The riper passages of Sajko’s play hover, at times uneasily, between abstraction and incoherence. There are puns – a‘Prada Meinhoff bra’- but also many other instances where the adverb-heavy language jars. Perhaps this is an issue of translation or perhaps the result of more intrinsic linguistic differences between Croatian and English; the writing is sometimes poetic, but sometimes blunt, jagged, cluttered (full of sentences like this: “aeroplanes fly over my desk, scanning my manuscripts, my skull, ribs, spine and limb-bones, noting my body postures, the composition of liquid in my cup and the burned misery of a war-torn scenery.”).

Butković’s set design consists of a writer’s desk and a collection of floor tiles set in sand that crack and slide (rather noisily) under the performers’ feet, until, with papers strewn everywhere and furniture upended, the room looks not unlike a bombsite.

Reviewed for Exeunt

Sunday, March 06, 2011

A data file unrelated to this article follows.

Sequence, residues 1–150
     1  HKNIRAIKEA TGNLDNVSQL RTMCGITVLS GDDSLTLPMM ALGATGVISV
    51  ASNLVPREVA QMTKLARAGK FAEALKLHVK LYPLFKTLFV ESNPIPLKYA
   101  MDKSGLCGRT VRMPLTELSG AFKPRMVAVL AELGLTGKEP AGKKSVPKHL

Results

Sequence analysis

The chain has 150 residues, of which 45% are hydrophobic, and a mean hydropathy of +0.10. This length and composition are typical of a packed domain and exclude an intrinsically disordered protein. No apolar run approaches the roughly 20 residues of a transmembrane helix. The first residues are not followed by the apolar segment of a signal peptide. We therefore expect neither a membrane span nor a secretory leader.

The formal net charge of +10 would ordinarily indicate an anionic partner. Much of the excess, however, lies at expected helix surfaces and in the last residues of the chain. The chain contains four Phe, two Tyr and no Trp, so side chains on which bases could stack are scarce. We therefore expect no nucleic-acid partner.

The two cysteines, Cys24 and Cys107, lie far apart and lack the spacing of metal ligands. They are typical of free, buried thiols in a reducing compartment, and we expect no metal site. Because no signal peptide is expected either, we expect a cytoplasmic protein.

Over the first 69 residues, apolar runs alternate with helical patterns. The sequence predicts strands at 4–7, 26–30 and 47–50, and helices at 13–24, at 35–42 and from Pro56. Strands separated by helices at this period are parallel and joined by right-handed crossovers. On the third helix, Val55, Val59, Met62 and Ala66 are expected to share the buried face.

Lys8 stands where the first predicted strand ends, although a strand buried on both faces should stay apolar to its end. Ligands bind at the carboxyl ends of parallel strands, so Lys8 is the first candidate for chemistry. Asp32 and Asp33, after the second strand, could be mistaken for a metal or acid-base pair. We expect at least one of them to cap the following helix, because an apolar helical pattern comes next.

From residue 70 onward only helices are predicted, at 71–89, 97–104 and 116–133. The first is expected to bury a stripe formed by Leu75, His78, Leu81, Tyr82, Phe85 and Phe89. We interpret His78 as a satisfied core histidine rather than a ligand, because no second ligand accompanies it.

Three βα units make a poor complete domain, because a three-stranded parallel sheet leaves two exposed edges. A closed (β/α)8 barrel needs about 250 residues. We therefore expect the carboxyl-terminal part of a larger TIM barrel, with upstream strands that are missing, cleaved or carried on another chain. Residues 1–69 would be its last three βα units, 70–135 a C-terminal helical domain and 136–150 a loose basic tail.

The Cleansing of Constance Brown, A.E. Harris Building, Birmingham

A corridor is not a destination. It’s a place of transition, of passage; a place people move through, not to.

First staged in 2007, Stan’s Café's mesmeric production takes place in a chilly warehouse in Birmingham’s Jewellery Quarter. The stage takes the form of a stretch of corridor two metres wide and fourteen metres deep; facing the audience end-on, the space is spot-lit from above and has doorways on either side, doorways through which it’s impossible to see. It’s a space through which people are constantly moving, darting from one entrance to another in various guises; moments of stillness are rare and all the more potent for that.